Though, still just 27 and fresh off a season where he engendered plenty of positive sound bites from Seahawks coach Pete Carroll and GM John Schneider, Richardson's sure to garner interest on the open market. Buyer beware. Hard to pay this kind of off-field (and on-field?) risk and sleep well at night.
4) Doug Martin, running back
Winston Churchill's running back: A riddle, wrapped in a mystery, inside an enigma.
As a rookie in 2012, Martin took the league by storm, racking up 1,926 scrimmage yards and 12 touchdowns. Then he disappeared for two seasons. In 2015, he was first-team All-Pro, rushing for 1,402 yards at 4.9 a pop. Then he disappeared for two seasons.
Does all of that mean he's due to re-emerge as a bell-cow back in 2018? Your guess is as good as mine.
Can he stay healthy? Can he avoid trouble? As a running back at age 29, Martin's time is running thin.
5) Case Keenum, quarterback
Was last season a mirage? The journeyman guided the Vikings to an NFC North crown, accumulating spectacular regular-season numbers (67.6 percent completion rate, 22:7 TD-to-INT ratio, 98.3 passer rating) seemingly out of thin air. Everything went right, including his interception luck. Then he turned back into a pumpkin in the playoffs: 60.2 percent completion rate, 2:3 TD-to-INT ratio, 73.5 passer rating.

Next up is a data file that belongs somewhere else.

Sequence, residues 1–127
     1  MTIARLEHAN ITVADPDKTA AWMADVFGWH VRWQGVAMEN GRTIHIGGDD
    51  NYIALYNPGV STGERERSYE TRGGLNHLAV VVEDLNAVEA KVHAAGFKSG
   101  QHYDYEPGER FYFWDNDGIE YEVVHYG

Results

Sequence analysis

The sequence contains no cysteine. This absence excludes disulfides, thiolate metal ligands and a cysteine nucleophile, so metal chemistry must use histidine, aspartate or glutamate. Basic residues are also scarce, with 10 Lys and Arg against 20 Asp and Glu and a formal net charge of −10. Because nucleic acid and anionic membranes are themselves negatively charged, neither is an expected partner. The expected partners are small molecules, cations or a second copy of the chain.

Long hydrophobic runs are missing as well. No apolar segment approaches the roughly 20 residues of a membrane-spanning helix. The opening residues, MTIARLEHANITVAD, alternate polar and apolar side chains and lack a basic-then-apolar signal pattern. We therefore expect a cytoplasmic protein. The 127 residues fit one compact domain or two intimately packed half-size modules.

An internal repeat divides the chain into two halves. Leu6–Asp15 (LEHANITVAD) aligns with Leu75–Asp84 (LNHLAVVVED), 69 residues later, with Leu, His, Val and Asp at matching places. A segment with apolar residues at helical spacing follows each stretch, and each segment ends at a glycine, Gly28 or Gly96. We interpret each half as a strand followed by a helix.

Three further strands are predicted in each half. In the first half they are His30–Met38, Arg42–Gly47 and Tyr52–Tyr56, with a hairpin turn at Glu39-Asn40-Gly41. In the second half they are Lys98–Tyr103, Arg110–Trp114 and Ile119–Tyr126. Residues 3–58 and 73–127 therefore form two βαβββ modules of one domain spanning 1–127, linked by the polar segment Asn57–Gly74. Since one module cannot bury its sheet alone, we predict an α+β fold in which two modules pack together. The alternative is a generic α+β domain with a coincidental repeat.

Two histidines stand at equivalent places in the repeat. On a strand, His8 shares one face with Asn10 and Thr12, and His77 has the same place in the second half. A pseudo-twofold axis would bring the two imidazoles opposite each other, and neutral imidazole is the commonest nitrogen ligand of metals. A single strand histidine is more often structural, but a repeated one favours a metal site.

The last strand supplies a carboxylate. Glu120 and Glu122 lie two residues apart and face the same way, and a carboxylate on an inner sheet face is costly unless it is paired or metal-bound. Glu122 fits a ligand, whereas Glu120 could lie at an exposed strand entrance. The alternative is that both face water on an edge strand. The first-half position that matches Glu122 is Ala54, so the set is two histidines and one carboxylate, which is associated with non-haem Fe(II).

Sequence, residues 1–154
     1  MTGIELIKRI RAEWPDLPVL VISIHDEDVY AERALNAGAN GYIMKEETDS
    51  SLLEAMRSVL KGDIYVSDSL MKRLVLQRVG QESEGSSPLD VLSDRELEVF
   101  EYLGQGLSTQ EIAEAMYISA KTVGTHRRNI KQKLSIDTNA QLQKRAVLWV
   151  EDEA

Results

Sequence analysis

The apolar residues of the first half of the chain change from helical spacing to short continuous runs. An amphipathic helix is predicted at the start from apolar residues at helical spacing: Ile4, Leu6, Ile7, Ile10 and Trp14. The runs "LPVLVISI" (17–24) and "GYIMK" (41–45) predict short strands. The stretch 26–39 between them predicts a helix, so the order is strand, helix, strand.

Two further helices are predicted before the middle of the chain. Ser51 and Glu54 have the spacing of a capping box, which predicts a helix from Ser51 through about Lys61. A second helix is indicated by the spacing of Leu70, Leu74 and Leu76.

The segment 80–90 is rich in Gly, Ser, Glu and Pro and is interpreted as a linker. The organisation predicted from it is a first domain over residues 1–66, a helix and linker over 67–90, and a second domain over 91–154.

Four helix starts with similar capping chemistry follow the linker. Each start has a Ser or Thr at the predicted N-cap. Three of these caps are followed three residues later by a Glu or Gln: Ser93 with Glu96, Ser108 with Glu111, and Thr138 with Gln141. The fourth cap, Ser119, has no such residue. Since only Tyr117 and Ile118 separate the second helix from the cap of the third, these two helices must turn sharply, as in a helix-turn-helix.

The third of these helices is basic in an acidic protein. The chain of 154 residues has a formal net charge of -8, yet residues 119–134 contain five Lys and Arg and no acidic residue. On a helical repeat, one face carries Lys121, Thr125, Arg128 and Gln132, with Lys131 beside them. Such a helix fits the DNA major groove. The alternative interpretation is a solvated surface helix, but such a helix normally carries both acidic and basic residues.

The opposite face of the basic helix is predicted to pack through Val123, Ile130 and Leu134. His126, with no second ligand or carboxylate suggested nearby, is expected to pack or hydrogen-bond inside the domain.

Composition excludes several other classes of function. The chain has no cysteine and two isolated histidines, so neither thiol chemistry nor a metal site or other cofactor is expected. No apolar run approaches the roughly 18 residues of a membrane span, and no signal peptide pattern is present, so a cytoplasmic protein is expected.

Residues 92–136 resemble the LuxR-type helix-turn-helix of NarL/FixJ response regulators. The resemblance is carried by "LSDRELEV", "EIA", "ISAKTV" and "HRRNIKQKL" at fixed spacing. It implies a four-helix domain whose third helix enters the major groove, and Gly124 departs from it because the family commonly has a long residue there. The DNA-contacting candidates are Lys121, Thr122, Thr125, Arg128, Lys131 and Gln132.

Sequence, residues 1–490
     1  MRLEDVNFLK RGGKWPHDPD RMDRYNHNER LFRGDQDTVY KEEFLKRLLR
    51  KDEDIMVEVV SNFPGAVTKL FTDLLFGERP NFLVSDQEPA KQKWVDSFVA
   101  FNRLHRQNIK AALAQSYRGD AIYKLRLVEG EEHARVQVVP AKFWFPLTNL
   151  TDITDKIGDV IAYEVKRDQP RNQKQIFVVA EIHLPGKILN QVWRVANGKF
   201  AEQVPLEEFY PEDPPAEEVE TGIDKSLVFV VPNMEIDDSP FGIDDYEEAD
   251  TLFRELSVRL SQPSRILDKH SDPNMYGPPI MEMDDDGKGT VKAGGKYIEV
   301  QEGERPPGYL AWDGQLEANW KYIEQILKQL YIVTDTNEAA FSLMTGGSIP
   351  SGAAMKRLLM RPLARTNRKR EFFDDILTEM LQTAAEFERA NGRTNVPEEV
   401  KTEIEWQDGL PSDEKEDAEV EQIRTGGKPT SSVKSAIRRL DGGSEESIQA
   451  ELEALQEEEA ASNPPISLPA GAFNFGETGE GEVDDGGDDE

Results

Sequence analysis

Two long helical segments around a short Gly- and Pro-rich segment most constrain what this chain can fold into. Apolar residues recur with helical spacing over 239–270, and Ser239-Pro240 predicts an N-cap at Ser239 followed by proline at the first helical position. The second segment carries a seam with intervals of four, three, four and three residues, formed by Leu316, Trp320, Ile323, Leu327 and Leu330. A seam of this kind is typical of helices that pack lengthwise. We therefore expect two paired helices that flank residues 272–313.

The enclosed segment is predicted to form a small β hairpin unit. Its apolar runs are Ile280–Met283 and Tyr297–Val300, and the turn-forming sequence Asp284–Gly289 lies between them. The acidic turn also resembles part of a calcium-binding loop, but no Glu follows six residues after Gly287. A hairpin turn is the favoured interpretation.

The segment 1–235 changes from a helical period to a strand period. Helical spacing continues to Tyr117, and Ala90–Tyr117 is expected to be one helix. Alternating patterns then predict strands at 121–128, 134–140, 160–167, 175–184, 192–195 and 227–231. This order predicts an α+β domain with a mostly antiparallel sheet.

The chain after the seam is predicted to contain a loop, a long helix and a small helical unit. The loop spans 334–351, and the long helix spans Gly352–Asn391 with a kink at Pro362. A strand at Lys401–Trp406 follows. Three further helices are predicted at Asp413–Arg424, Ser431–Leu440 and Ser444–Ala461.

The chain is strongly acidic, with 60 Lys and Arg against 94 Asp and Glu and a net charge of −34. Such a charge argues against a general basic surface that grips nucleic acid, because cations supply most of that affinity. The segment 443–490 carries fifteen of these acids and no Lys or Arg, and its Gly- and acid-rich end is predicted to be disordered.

Truth is, I do think Keenum can play. He has a place in this league. But some team's going to pay Keenum well over $10 million a year. Imagine writing that sentence 365 days ago. I'd be nervous.
6) Teddy Bridgewater, quarterback
Is Teddy healthy? Will he stay healthy? Can he still play? I think so? I'm Ron Burgundy?
Questions abound with the former first-round pick. The upside was there before his gruesome knee injury -- as evidenced by the Pro Bowl nod in 2015 -- but it's impossible to know the state of his game at this point. The Vikings obviously have the best idea of where he's at, and they appear content letting him walk.
Bridgewater's the kind of guy everyone wants to see succeed. But it's the known unknown here that gives me pause.
7) Dominique Easley, defensive tackle
This cat is a freak -- well, in every aspect beyond his knees. Unfortunately, knees are important.
When he's right, the 26-year-old D-lineman flashes game-wrecking ability. And every team's looking for interior pressure these days. But he just missed an entire season after suffering a third ACL tear.
Someone will take a risk on the former first-round pick, given his tantalizing talent. But that someone would not be me.
8) Jordan Matthews, wide receiver
Matthews is solid, not superb. Injuries impacted Matthews' lone season in Buffalo, but he did rack up 225 catches and 19 touchdowns during his first three NFL seasons in Philly.
Under no circumstance is he a No. 1 receiver. His success at the NFL level has come in the slot. I think he's a classic, solid WR3 and should only be paid -- and banked on -- accordingly. But I'm not sure everyone's in lockstep with me here.
9) Muhammad Wilkerson, defensive end
Wilkerson got PAID before the 2016 campaign -- and the last two years have been a debacle, marred by indifference, tardiness, benchings and awful play (see: eight total sacks since inking the deal).
I think Pettine could tap into Wilkerson's talents once again, but it's definitely no sure thing. In recent years, this is a player who's been unproductive on the field and unaccommodating off it. That's a dangerous combo.